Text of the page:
To be honest, I was never crazy about Daiya. I found it a little salty and oily, and my consumption of it was usually limited to dining out. But I appreciate that Daiya led the way in the meltable vegan cheese movement, and I’ve learned recently that the brand has reformulated a number of its cheeses. I can’t wait to try them—along with the company’s revamped, frozen pizzas.
When a neat slice is in order, there are plenty of vegan options.
Follow Your Heart Slices (American, Smoked Gouda, Medium Cheddar, Provolone, Pepper Jack, Mozzarella & Garden Herb styles )
My number one choice for a classic grilled cheese or topping burgers are American cheese slices from the Follow Your Heart brand. When I’m in the mood for something different, I make a tomato grilled cheese with the brand’s salty smoked gouda. The slices melt well enough to work even in Toastabags.
Field Roast Chao Slices (Creamy Original, Tomato Cayenne & Garden Herb)
If I want a cheese slice to stack in a fully loaded sandwich, I’ll reach for Chao slices. These come in spicy, smoked, and original flavors. They’re not the meltiest of vegan cheeses, but they’re some of the tastiest. They’re made from fermented tofu, which I think gives them a rich, buttery flavor. I love the original slices in a Tofurky club.
Parmela Creamery Slices (Sharp Cheddar, Mild Cheddar, Creamy American & Fiery Jack)
If sharp cheddar is your thing, then I recommend plant-based sharp cheddar slices from Parmela creamery. These are slowly fermented, and they’re sharp indeed—sharp enough to be easily discernible from the brand’s mild cheddar slices.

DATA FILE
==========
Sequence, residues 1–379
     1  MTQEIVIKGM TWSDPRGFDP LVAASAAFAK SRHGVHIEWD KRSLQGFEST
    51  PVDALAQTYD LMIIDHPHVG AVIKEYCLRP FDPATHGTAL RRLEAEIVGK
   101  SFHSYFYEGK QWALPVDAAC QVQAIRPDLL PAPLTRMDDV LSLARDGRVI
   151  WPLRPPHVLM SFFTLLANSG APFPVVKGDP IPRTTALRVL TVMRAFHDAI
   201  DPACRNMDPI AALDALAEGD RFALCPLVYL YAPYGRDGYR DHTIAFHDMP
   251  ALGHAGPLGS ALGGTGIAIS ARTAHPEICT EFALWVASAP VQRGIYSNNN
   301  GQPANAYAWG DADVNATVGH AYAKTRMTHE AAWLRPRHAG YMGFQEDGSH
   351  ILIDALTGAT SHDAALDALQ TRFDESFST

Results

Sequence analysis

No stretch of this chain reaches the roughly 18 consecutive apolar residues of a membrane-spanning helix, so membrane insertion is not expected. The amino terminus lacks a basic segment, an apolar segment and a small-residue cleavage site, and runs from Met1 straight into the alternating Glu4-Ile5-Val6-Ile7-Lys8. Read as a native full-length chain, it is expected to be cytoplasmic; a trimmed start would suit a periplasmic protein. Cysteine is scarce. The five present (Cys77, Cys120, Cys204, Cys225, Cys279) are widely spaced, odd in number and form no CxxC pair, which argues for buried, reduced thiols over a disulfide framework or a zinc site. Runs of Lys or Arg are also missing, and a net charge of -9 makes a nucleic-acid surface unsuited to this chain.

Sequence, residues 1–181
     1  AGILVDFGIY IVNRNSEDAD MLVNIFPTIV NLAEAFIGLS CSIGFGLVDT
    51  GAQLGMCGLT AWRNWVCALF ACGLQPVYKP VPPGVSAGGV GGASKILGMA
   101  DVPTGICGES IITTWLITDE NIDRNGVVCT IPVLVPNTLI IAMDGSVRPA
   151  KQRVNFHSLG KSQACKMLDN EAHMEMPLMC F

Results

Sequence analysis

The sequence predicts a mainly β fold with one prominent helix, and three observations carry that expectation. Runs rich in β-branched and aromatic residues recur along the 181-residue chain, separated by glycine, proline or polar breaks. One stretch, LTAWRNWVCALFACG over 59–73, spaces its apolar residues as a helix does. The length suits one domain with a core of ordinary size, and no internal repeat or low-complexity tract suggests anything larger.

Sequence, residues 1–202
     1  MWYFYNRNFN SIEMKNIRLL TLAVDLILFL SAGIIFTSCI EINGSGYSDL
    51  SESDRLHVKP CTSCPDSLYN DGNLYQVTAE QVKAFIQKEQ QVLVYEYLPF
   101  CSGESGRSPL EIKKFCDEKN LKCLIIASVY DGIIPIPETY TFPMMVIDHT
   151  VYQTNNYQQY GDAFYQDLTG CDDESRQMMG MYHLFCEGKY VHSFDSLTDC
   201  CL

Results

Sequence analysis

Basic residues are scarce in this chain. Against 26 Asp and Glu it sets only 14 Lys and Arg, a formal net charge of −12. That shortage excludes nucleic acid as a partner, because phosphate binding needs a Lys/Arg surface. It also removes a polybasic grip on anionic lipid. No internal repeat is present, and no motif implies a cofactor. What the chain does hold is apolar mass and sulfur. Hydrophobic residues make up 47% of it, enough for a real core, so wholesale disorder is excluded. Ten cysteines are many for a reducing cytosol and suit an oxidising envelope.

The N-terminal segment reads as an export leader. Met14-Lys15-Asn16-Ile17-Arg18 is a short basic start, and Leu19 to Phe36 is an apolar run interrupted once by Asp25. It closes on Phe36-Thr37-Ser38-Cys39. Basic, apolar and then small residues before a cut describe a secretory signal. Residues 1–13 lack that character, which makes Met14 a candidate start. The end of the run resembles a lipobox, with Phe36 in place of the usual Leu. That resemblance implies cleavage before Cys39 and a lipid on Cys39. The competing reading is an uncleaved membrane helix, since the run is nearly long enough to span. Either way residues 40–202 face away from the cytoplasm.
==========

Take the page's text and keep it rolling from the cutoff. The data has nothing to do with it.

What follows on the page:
Parmela slices are thicker and more substantial than some of their competitors. I love their sturdiness; they’ve got enough heft to be the main event in a sandwich. But my favorite way to eat them is with apple slices and onion jam on toasted sourdough.
Miyoko’s Creamery Organic Cashew Milk Mozzarella
If you prefer to slice your own cheese, then Miyoko’s Creamy cultured vegan mozz is worth a try. Inspired by mozzarella di buffala, it’s great on homemade pizza margherita. My favorite use for it is in a vegan caprese salad with ripe tomatoes and good, syrupy balsamic. The texture is semi-elastic, just as it should be, and the flavor is buttery.
Plant-based spreadable cheeses—cream cheese and soft cheese for crackers—have existed for over a decade. But they, too, are improving in taste and expanding in variety.
Monty’s Cultured Cashew Cream Cheese (Original, Everything & Scallion)
Right now, I can’t get enough of the fermented cashew cream cheese from Monty’s. Monty’s original cream cheese (there are also everything bagel and scallion flavors) is the closest thing I’ve tasted to the cashew cream cheese that I make at home in my food processor.
Monty’s cheeses are cultured in small batches, and the fermentation shines through. Unlike my homemade cheese, these are pleasantly, but assertively, tangy.
Kite Hill Dairy-Free Cream Cheese Alternative
Another favorite vegan cream cheese is Kite Hill’s. Kite Hill cream cheese has a smoother consistency than Monty’s—more like conventional cream cheese. I love it on bagels and also for sweet applications, like a cream cheese frosting for carrot cake.
Treeline Cheeses Soft French-Style Cheese (Herb Garlic, Scallion, Chipotle-Serrano & Sea Salt & Pepper)
If you’ve got crackers that are crying out for a topping, give Treeline Cheeses a try. I think of these cheeses as being similar to the Boursin cheese that my grandmother always used to keep at her apartment. They’re spreadable—lately I like to layer them on ciabatta, then top them with leftover roasted vegetables—but they’re also firm enough to be crumbled onto a salad. The green peppercorn flavor is my favorite, and it packs a small, spicy punch.
Violife’s Just Like Feta
I ate a lot of feta before I became vegan (I’m Greek). So it’s no surprise that my most exciting cheese discovery of the past year was Violife’s Just Like Feta.